Your correspondent honestly can’t be bothered to deal with most of the author’s two thousand word post because it’s just a new variation on the same old bilge. It would be interesting to see the evidence for the claim that the MSX2 was “banned from the English speaking world” because the post itself doesn’t back that claim up.
I’ve decided to expand the scope of this blog now to look beyond my personal period of Commodore 64 hell of 1984-1985 to what happened after that and what might have been. This is all still to do with programming, as well as creating graphics and sound, though.
In other words, “what might have been” means we’re heading off into the realms of fantasy again.
[TMR] had the cheek to claim that it wasn’t possible to write any commercial software in BASIC, in spite of the “Cassette 50” compilation he mentioned, the many BASIC type in listings that were published while I owned a C64
In order for a program to be commercial it has to be accepted and published by a publisher and that was all but impossible to do for BASIC games in 1984 to the point where a novice like the author was stood no chance whatsoever. Cassette 50 isn’t even an exception since it had already been on sale for a year by that point and was built on programs that Cascade had previously purchased outright for a tenner. Trying to call BASIC type in listings “commercial” software is pushing the envelope far enough that the stamp has fallen off.
and ignoring my previous revelation that there was an excellent course published in an MSX magazine which taught me how to convert between different dialects of BASIC, including converting screen coordinates.
Mentioning that a course in a magazine was required to understand the conversion process between different dialects of BASIC merely reinforces what your correspondent said and he didn’t feel the need since it was already a strong argument. Simply ask yourself dear reader what happens if you have a BBC BASIC program and an Amstrad CPC but no documentation or magazine article explaining what conversions are needed. Even with that documentation the process of converting a long program will a slow and laborious task.
He then repeated his usual delusions that the Commodore 64 was something other than a set of Commodore PET ROMs cobbled together with 64K of RAM chips, plus a graphics chip and a sound chip tacked on to this collection of mass produced trash. The fact is it WASN’T any more than that. End of story!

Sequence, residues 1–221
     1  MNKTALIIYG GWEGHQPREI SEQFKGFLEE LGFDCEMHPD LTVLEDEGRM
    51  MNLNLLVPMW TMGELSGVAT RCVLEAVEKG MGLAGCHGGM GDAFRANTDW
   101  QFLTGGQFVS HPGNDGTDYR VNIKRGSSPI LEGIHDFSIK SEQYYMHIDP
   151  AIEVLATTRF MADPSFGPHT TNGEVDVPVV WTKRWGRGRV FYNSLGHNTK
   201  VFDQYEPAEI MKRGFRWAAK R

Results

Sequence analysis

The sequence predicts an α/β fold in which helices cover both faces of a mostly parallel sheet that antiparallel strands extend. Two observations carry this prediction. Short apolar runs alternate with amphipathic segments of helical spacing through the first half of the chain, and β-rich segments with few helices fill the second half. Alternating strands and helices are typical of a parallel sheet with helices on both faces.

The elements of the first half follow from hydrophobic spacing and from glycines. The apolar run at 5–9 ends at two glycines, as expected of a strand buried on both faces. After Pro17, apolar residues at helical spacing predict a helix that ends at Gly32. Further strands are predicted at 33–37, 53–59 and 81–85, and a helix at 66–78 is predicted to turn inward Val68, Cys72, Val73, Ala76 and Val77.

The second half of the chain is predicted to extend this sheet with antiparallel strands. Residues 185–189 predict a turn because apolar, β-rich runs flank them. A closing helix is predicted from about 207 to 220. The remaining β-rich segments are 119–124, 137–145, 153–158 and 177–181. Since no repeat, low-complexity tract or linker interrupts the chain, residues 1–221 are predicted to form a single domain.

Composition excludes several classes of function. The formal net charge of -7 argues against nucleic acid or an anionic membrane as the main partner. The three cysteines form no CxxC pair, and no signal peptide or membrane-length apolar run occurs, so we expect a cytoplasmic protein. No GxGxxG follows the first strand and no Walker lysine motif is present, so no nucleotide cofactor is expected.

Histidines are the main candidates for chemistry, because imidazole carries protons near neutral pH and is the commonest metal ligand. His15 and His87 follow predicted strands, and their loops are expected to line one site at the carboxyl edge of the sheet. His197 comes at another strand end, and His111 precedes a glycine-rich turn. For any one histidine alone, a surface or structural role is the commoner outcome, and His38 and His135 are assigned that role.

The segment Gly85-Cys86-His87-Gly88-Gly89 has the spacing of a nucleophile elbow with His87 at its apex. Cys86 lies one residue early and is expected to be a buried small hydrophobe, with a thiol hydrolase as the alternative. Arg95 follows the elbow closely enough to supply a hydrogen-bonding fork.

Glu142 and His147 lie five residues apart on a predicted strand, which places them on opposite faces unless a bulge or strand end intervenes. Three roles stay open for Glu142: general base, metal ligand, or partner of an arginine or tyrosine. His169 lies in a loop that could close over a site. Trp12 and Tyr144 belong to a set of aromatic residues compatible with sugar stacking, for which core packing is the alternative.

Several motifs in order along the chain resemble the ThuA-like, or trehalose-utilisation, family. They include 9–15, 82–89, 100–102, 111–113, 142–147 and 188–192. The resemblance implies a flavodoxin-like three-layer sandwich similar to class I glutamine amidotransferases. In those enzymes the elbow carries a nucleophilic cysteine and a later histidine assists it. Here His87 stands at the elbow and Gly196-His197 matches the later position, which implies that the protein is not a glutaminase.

The author is a complete and utter idiot. End of story.
No, your correspondent is aware that arguments don’t work like that (even if the author is deluded enough to believe they do) and honestly doesn’t expect this discussion to stop there just because he unilaterally declared this to be the “end of story”.
And we’ll just pause here to note the glaring irony of the author incorrectly declaring the C64 to be “a set of Commodore PET ROMs cobbled together with 64K of RAM chips, plus a graphics chip and a sound chip tacked on” and then claiming that the ”original MSX standard had been well designed around tried and tested technology” is hysterically funny even before we remember Clive Sinclair’s scathing comments.
The following information has been compiled from my memories of a computer show in London, probably at Earl’s Court Olympia, as well as from reading the British magazines “MSX User”, “MSX Computing”, a SONY manual about MSX BASIC 2.0, as well as the Dutch “MSX Computer Magazine” of the mid 1980’s. I also used to own a Yamaha CX5M Music Computer, which was one of the original MSX or MSX1 standard computers and WAS released in Britain as well as the USA. It certainly isn’t a collection of rumours or half truths “cherry picked off the Internet”!
So that’s memories from a computer show that was around three decades ago, second hand opinion from some magazines hailing from the same era, the author’s biased opinions and recollections of using the previous model of machine rather than the one in question and none of those sources can really be considered objective.
Unfortunately, I had hardly any information about the new MSX BASIC 2.0 commands when I saw those computers at the show, but I’ve recently found out about commands such as COLOR=(n,r,g,b) , which assigns any of the 512 colours in the palette to colour n, where the values r, g, and b are in the range 0-7.
There’s another example of a BASIC command that works differently between platforms and, as ably demonstrated by the author who didn’t know at the time how it worked, unless the documentation is there to support transition between BASIC dialects, the average user like he was at that point is always going to struggle.
Little did he know that, thanks to the price wars started by Jack Tramiel, as well as some other more obscure tactics that could be described as “restraint of trade”, only the Spectravideo SVI-728 and Yamaha CX5M (both MSX1) computers would ever be released in the USA.
Your correspondent would like to see some actual proof of “restraint of trade” at this point for a change because the author has made similar comments in the past without offering even a shred of evidence to back them up.